You: It sometimes sounds like “more feature bullet points” is automatically better, but you and I have used software that claimed to have lots of useful features that didn’t really work in reality. Usually the more features a product has, the worse each feature is. Try uploading a 1gig file to BigCorp’s tool — oops, it breaks! To us, saying you have a feature when in reality it’s full of holes is dishonest. We’d rather know we have fewer features that we actually stand behind rather than claim to have features that are just incomplete.

Customer: OK, I can appreciate that, but what about OpenSourceOrg’s tool? I know it doesn’t do quite as much as yours, but free is free!

You: Yup, free is free… until you run into a bug. It’s free until it crashes. It’s free until you notice there’s incorrect data floating around. It’s free until you need something and there’s no one to ask. Of course they say “you can fix that bug yourself” or “you can add that feature yourself,” but that ain’t free! And even if you invest the effort, if they don’t accept your patch you’ll constantly have to re-patch when you get updates. Bugs are a reality, and that’s when open-source starts to become non-free in a hurry. We, on the other hand, never charge you for bug fixes, even years later, because we’re 100% committed to quality code.

Small Company

You: If you haven’t worked with a small company before, you’re in for a nice surprise: Smart people you can actually talk to, people who care about what you need, people willing to go out of their way to make sure you’re successful.

Customer: I get that, but little companies fail all the time. How do I know you’ll be around to give me that great support?

You: You say that as if big companies are stable during recessions and accounting scandals! You say that as if big companies don’t cut entire product lines if they’re not profitable, or sell them off even if they are. It’s impossible to know when a big company is about to discontinue your product, and it happens all the time.

Customer: You say you have great support, but BigCorp is the one with 100 developers and support engineers willing to help me.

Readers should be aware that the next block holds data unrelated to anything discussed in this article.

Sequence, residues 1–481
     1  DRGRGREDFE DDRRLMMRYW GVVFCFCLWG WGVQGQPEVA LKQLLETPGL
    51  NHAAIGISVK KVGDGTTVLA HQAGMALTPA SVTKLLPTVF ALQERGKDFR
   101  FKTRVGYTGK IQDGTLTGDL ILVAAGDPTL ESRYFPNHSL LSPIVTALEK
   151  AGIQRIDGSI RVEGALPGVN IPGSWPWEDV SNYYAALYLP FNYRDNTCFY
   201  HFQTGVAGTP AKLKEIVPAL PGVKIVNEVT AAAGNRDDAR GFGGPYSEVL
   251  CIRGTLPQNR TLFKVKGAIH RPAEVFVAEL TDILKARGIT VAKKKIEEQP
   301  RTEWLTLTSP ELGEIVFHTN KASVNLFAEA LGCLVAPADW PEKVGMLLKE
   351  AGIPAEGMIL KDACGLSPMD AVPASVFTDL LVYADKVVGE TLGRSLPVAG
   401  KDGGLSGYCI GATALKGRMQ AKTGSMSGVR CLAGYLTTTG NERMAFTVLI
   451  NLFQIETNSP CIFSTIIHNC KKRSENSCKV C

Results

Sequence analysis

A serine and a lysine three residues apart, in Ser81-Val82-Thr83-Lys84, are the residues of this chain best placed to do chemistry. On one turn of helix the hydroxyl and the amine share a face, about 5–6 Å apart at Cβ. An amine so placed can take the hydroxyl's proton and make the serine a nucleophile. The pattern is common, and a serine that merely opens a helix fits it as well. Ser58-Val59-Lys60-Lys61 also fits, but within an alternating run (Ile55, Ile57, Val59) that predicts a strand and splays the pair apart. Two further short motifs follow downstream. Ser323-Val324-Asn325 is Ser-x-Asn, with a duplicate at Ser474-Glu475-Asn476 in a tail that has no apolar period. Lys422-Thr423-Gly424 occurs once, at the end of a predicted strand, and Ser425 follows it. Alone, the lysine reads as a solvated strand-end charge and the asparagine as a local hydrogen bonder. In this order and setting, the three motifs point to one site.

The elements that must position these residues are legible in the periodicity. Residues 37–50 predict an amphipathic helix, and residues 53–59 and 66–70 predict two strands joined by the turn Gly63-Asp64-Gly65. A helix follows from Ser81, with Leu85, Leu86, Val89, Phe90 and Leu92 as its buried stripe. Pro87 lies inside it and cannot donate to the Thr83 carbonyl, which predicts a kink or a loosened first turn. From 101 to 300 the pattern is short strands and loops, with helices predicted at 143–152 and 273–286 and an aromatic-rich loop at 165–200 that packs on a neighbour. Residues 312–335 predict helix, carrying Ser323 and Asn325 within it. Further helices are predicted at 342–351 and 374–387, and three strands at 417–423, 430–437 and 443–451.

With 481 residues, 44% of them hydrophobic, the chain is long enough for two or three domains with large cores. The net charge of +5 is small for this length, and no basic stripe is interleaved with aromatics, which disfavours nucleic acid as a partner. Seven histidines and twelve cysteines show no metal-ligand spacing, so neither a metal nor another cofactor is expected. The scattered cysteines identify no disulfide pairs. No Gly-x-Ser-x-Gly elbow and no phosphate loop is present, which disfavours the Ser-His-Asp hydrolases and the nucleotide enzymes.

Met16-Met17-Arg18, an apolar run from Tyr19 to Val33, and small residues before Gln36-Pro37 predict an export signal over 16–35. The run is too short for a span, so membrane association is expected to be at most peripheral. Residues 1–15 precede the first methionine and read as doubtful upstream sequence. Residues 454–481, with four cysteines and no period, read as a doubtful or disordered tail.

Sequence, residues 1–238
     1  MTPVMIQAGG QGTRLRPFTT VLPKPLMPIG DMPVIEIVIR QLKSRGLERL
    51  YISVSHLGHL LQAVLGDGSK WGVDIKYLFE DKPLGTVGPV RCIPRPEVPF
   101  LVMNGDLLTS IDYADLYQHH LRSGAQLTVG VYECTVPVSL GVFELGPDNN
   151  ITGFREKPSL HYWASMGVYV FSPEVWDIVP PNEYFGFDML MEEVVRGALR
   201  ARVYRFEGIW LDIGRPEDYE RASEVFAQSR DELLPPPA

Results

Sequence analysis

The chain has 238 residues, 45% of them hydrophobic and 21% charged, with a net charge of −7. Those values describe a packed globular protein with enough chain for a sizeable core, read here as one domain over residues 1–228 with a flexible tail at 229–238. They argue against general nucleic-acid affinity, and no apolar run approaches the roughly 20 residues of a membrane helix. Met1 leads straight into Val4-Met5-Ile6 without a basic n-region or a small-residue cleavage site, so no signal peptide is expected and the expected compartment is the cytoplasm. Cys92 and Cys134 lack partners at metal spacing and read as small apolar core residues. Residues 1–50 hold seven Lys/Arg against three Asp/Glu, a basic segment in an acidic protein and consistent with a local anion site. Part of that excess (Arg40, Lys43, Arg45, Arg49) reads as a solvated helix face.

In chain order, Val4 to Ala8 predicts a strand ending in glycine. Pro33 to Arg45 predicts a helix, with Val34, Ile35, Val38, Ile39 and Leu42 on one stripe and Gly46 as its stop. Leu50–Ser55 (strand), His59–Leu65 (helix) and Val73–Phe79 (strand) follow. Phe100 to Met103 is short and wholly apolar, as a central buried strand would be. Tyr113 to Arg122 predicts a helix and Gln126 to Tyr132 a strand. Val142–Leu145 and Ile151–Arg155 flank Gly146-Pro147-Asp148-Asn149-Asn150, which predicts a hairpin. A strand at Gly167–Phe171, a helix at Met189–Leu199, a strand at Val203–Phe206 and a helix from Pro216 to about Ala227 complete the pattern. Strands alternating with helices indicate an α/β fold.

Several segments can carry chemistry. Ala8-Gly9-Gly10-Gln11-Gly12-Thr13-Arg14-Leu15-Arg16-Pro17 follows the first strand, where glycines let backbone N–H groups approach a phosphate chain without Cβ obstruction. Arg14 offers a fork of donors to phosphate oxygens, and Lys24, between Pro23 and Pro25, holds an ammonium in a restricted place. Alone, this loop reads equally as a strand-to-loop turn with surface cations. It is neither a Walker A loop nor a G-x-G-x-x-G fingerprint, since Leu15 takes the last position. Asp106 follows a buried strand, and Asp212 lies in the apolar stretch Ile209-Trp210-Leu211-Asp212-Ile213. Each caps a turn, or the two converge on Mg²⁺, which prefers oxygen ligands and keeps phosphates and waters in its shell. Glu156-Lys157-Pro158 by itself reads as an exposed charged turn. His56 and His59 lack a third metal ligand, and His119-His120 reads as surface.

You: “Willing” to help you perhaps, but able? Typically the software developers are shielded by “Level 1 support” — people without power, certainly not the power to get your feature requests into the pool. In fact, wouldn’t you agree most tech support feels like a shield rather than a help?  And even if you get a bug into the pile or a feature onto the list, big companies release new versions infrequently, so you might have to live without it for a year. Not us. You get to complain directly to the engineers who can fix the problem in weeks — or sometimes days.

Customer: But they have 24/7 support. Do you have that?

You: No, we don’t pay folks we’ve never met $1.25/hour to answer the phone at 3am PST so they can tell you to reboot your machine and RTFM. Instead we pay actual software developers $70/hour to talk with you in person about exactly what’s wrong, either solving the problem or getting it fixed ASAP. Sometimes we even write special code just to get you running again, tiding you over until a proper fix is released. Try getting that from BigCorp!

Customer: Well if that’s true, that’s good. But BigCorp also has more features than you.

You: Do you really want your tools to have “more features,” or is it really that you want your specific needs met, and “more features” could potentially mean that more of your needs are met? We believe the point of software is to solve your problems and make your life better without incurring too much new expense in time and money. Even assuming BigCorp’s has one or two features you like today, what about in six months when you’re deep into the tool and realize there’s 10 more things you really want? Do you expect them to add half of those to their next release? Because that’s exactly what we’re going to do — hold proactive meetings to find out what you need to be most productive, and agree to add those as soon as we can. Don’t ask “Which tool will satisfy my needs today,” ask “One year from now, which tool will be satisfying my needs, including the ones I can’t foresee?”

Why try to defend 10 points when you only need one or two to make your case?

Why not focus your message, focus your behavior, focus your look-and-feel, and focus your sales pitch?

It’s already hard enough to stake out a niche in this massive world! Don’t dilute your message.

Do you disagree that fixating on one advantage is a good idea? Do you have other tips? Leave a comment!

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  • Paul Carter

    Jason

    Your articles are always on point. They have the ring of authenticity to them because you have been there and done that. This article is a sales approach that will work tremendously for Owners that find themselves selling.

  • http://feeds.feedburner.com/sagepoint Richard Wilner

    Jason,
    An excellent article, but I don’t see why you have to own only one point. If a company has all the things you mention (quality obsessed, small, etc.), can’t they own ALL these points?

    My takeaway from your article was: anticipate customer objections before game time, and prepare your responses accordingly.

    At my company, we do just that — we have role-playing exercises where one person gives the demo, and the other acts as a prospect stakeholder in one of our target market segments: a small-company president, a big company CTO, etc. (The dialogs you’ve put together are like transcriptions of these role-playing exercises.)
    .-= Richard Wilner’s latest blog post: Difficult Projects and Silver Linings =-.

    • http://blog.asmartbear.com Jason

      Well of course “one” is extreme.

      As an exercise to hone your message, pitch, and Rude Q&A responses, picking just one is a useful tool.